Solid Growth, New Challenges

This morning I attended the launch of the World Bank's East Asia and Pacific Regional Update. For the first time, the launch came directly from Sydney; previously it was launched in Washington and presented in Australia by videoconferencing. This twice yearly snapshot of economic development in East Asia was presented by Jeff Gutman (WB Vice President for East Asia and the Pacific) and Dr Homi Kharas (WB Chief Economist for East Asia and the Pacific). The title was 'solid growth, new challenges' and pretty much covered the message: a lot of optimism, but…Read more …

Academic Champions League?

In the latest Higher Education section of The Australian it is all about research assessment. The Australian Government has planned to introduce a Research Quality Framework (RQF) which is largely based on the UK Research Assessment Exercise (RAE). The RAE is a peer review exercise to evaluate the quality of research in UK higher education institutions. The introduction of the RAE has improved universities' research performance (in terms of impact of publications) and created greater research concentration.It' s a rather strange moment to introduce the RQF because the UK has plans to abolish…Read more …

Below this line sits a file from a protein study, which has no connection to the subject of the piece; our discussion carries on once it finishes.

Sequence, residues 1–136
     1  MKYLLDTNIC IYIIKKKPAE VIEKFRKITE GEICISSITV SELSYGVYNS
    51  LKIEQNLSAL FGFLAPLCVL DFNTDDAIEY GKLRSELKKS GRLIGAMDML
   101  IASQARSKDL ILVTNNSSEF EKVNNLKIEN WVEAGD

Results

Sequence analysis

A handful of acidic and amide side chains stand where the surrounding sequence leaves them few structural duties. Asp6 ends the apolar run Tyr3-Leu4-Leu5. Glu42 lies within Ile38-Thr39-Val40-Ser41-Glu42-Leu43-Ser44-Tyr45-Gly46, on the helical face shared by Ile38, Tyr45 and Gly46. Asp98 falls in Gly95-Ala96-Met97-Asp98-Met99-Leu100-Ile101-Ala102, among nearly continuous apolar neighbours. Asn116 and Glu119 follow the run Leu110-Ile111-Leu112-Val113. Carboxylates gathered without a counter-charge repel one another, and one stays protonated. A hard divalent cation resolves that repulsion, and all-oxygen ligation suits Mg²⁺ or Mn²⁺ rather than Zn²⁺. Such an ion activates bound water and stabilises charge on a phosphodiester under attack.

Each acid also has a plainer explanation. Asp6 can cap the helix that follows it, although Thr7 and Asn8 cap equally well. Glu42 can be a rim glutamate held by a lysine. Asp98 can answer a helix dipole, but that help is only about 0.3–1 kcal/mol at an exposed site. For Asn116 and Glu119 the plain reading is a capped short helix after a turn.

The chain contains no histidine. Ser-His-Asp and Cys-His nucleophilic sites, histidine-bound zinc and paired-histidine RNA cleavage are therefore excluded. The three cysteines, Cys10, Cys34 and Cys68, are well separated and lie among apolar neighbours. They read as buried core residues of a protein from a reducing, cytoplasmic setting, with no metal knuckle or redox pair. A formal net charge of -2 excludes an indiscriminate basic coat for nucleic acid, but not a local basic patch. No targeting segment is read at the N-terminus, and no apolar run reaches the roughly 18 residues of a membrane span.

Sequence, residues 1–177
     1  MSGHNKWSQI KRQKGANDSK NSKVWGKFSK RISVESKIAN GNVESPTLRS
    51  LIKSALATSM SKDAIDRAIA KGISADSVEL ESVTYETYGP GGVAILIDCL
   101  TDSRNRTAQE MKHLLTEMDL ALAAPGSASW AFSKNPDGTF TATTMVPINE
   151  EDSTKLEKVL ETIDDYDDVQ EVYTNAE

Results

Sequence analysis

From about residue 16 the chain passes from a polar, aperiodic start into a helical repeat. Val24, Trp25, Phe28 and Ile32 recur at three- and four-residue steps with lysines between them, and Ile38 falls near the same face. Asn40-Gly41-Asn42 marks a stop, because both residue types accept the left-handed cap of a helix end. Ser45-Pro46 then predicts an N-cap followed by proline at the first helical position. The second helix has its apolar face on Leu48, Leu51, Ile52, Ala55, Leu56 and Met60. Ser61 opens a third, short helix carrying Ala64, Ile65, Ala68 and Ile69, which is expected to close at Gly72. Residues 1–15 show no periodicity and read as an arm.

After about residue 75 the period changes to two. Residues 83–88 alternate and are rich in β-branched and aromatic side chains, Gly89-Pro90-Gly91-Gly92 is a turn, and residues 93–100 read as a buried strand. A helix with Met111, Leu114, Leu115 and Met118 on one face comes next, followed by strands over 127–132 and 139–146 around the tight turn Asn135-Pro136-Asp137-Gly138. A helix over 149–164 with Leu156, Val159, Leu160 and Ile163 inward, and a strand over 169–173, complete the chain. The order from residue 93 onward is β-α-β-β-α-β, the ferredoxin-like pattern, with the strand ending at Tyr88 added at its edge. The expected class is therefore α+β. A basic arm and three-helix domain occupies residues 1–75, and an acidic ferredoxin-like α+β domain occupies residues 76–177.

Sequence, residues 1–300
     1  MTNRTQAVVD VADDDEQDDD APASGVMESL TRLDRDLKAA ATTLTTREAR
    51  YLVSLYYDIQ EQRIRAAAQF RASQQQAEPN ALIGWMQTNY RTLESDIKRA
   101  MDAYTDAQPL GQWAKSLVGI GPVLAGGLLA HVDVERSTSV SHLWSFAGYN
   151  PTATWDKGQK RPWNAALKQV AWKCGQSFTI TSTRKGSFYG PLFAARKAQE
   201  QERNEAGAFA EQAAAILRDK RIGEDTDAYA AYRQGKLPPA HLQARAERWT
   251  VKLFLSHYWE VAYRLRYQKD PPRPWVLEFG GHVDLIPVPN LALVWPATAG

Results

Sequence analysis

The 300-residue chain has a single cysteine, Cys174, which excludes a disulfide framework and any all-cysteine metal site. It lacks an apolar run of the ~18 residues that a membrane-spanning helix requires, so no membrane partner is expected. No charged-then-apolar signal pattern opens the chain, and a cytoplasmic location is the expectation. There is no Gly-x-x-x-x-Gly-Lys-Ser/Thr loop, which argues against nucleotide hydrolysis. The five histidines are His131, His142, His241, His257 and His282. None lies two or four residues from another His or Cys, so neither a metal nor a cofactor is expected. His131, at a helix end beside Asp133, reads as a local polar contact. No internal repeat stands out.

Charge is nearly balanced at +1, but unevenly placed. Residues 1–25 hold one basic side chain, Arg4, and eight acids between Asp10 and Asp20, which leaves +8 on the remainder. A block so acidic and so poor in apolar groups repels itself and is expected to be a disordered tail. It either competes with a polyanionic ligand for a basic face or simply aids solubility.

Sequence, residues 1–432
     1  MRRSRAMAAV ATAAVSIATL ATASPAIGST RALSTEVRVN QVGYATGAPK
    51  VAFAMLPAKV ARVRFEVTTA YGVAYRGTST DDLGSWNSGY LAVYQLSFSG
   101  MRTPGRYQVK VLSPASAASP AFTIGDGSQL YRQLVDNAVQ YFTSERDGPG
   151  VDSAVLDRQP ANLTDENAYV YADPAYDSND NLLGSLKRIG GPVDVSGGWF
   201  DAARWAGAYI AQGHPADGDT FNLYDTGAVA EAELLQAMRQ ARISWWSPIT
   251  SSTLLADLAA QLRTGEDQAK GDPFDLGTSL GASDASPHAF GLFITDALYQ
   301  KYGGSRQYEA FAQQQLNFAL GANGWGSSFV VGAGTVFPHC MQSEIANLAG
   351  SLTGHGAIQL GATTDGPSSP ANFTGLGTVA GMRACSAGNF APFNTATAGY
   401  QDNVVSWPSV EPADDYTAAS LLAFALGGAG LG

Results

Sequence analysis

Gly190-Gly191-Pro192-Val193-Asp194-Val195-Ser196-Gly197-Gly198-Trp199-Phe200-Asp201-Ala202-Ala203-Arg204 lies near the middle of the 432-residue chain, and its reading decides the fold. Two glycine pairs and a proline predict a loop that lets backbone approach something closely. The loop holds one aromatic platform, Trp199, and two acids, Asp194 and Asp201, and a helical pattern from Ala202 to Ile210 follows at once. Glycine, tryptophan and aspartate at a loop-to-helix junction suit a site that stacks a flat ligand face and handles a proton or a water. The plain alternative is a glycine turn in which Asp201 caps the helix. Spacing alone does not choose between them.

Higher Education and Europe (again)

Last Wednesday, 1500 students and teachers protested in Brussels against reforms to the Belgian Francophone higher education system. The reforms will restrict the number of foreign students in particular degrees like veterinary science and physiotherapy. Many French students currently study in Belgium because they are required to go through entrance exams in France.The Times Higher Education Supplement has an article on the issue (subscription required):The law, due to be introduced in September, is intended to cut the number of non-Belgians accepted on certain courses. In veterinary medicine, 86% of university students enrolled in…Read more …

Camping for Belarus